I was sat on the train – a train I take regularly – and paused the music streaming through my headphones to notice the train attendant fighting with a passenger for the 75p he owed for his travels. His excuse was that he had no money on him and so couldn’t pay the fare. He was kicked off at the next stop.

She walked my way, looking worn down and saw that I had been watching the exchange. I turned up the corner of my mouth in sympathy and she went on to tell me her struggle with having to constantly battle with passengers who refused to pay for their journeys. Journeys costing less than £1. She said that train might be cancelled soon due to so many people trying to pull  a fast one and get away with travelling for free. The tragedy that would be!

This whole encounter got me thinking about responsibility and how so many of us refuse to take it. Some of us more often than others. I won’t lie – there are times I hope I’ll be able to commute for free. There’s the hope I’ll get lucky and be able to travel the one stop without paying. Because I could always use the extra cash, right? Couldn’t we all? But if an attendant appears, I buy a ticket. Why? Because I am choosing to use service they are providing. It’s helpful in getting me from A to B. I can’t expect to use it for free.

Trying to get something for free indicates a feeling of entitlment. A person feels they are able to have what they want at any expense. This is a selfish approach. And this is very different to a person who believes in abundance.

Let’s look at these two concepts. If you believe in abundance, you believe that there is enough to go around. You believe that there is enough for everyone to live a rich life and therefore you freely give because you know you have nothing to worry about. This automatically leads to kindness because there is no need to look out for yourself and get yourself ahead at the expense of another.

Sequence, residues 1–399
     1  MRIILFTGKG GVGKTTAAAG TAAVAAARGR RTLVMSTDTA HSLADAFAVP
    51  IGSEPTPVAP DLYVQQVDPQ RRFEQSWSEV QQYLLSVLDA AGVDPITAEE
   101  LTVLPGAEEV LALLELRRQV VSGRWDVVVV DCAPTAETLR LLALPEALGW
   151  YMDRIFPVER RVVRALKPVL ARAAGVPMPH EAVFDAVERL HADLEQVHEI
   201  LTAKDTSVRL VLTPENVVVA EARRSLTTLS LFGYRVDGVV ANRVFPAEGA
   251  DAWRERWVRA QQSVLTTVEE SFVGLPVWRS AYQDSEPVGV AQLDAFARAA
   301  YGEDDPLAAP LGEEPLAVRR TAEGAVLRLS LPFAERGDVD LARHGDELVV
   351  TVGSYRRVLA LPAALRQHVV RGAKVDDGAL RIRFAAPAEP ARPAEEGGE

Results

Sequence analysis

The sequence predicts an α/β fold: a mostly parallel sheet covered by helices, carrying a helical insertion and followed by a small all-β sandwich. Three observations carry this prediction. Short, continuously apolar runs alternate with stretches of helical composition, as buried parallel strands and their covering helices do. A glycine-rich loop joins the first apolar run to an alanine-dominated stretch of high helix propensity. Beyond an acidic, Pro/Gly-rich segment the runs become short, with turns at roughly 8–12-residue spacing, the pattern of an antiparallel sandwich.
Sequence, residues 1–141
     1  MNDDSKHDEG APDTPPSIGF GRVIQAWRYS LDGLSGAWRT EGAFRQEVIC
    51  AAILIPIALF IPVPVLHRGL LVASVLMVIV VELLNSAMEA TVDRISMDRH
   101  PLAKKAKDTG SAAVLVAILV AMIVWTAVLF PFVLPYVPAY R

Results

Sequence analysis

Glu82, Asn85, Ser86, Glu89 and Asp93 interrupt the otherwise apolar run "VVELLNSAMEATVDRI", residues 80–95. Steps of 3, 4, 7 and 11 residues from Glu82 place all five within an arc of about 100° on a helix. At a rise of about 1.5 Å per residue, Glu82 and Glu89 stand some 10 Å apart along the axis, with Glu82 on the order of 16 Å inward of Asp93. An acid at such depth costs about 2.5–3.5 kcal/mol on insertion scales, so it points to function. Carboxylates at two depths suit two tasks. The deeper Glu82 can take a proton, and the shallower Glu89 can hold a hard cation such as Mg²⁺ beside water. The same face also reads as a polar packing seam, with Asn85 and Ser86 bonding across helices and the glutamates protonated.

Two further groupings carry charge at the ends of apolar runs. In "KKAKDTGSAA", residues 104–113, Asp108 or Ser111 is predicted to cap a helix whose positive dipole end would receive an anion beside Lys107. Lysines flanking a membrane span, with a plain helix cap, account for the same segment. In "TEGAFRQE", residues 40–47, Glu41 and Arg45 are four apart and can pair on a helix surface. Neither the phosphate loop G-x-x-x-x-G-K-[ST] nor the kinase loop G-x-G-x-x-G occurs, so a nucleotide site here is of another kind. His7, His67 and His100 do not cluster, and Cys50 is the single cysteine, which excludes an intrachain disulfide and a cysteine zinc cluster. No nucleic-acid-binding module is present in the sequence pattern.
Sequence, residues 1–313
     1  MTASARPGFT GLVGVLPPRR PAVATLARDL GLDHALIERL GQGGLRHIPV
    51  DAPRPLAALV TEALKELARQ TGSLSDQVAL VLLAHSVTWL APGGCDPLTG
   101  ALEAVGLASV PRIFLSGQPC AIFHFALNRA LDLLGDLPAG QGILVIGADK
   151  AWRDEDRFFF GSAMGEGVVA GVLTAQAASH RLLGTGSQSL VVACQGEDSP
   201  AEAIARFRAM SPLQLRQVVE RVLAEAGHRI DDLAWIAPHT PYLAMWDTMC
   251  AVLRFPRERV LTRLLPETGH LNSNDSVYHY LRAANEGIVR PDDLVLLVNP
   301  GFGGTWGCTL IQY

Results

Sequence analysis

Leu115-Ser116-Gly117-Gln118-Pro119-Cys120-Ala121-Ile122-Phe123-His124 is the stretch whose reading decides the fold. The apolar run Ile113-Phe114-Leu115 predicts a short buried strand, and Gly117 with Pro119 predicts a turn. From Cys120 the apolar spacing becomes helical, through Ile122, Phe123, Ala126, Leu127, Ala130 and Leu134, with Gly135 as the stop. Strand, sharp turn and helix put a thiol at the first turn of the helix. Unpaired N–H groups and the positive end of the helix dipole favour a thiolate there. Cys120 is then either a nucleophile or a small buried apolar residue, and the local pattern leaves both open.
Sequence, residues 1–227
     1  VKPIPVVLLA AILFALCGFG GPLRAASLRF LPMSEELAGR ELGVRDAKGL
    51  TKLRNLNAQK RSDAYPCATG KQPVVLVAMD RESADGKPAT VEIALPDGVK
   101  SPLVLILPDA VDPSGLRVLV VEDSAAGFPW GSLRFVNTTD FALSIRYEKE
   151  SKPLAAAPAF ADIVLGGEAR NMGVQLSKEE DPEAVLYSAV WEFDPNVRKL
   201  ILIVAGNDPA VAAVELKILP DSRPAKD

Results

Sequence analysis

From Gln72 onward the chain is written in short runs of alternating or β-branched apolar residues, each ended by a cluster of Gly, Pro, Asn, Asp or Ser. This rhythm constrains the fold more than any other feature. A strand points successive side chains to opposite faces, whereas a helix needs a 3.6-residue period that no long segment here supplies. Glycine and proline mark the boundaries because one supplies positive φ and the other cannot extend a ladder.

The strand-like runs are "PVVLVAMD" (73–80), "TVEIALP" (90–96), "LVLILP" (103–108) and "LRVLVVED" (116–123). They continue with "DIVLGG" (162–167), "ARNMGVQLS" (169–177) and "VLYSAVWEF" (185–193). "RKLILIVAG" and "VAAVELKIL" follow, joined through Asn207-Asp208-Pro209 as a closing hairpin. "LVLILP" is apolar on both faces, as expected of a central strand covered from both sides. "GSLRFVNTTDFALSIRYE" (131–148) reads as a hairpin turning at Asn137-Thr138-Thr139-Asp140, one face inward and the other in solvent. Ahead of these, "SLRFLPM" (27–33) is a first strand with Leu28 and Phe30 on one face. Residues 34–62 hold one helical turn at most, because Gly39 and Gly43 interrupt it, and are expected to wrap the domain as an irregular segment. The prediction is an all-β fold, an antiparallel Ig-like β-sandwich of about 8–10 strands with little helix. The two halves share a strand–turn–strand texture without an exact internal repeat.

If you believe you are entitled, this means that you put ‘getting yourself ahead’ above all else. You believe that you should be able to get special privileges that others do not. You cannot believe this and believe in abundance. If you believed in abundance, you wouldn’t need to keep trying to get away with special treatment. This stems from feelings of scarcity. This stems from a person not getting what they needed early on in life.

Ironic, or not really at all? A person who grows up feeling deprived of basic needs as a child enters adolescence and adulthood having to look out for number one. If they don’t look out for themselves, no one else will, right? That’s the sad ‘truth’ they’ve been taught.

If a child has his or her needs met, he or she grows up believing the ‘truth’ that whatever they want or need will naturally come to them. He or she doesn’t need to go on the hunt for loopholes and special privileges to get those things.

So parenting is everything, as we know. It’s so much easier to learn the correct behaviour the first time round. But what about for so many of us that struggle with entitlement? What can we do to transform this negative behaviour into something more positive?

The first step is realising that your approach to life will always be reflected back at you. It’s called the law of attraction (though I know, I know, that phrase is so overused and vomit-inducing that you might struggle to read past it.)

Everything in this universe is made of energy. This energy is expressed in different forms and it just shifts between them . Energy cannot be created or destroyed, only transformed in one way or another. Thanks Einstein.

An entitled approach instills negativity in those who suffer at your expense. An entitled approach emits vibrations of scarcity. And these resonate further than you might imagine. But just as you can create this negativity, you can also create positivity. That positivity can spread and transform into higher vibrations.

Give, and you’ll be amazed what you get back in return.

 

Photo via Unsplash

 

 

 

 

 

 

 

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.conditioning_Pavlovs_Dog

Conditioning is the process of developing a learned behaviour associated with a stimulus. Take the most famous example of Pavlov’s Dog. Nineteenth century psychologist Ivan Pavlov discovered that any association that a dog made with food would elicit the same response as the food itself: salivation from said canine. He learned that repeating a particular action or stimulus when feeding the dog (such as ringing a bell) would teach the dog that bell ringing = food. Food causes salivation, but eventually the dog wouldn’t even need the food to perform this response. It would simply hear the bell ringing and start salivating knowing the connection it has made in its brain.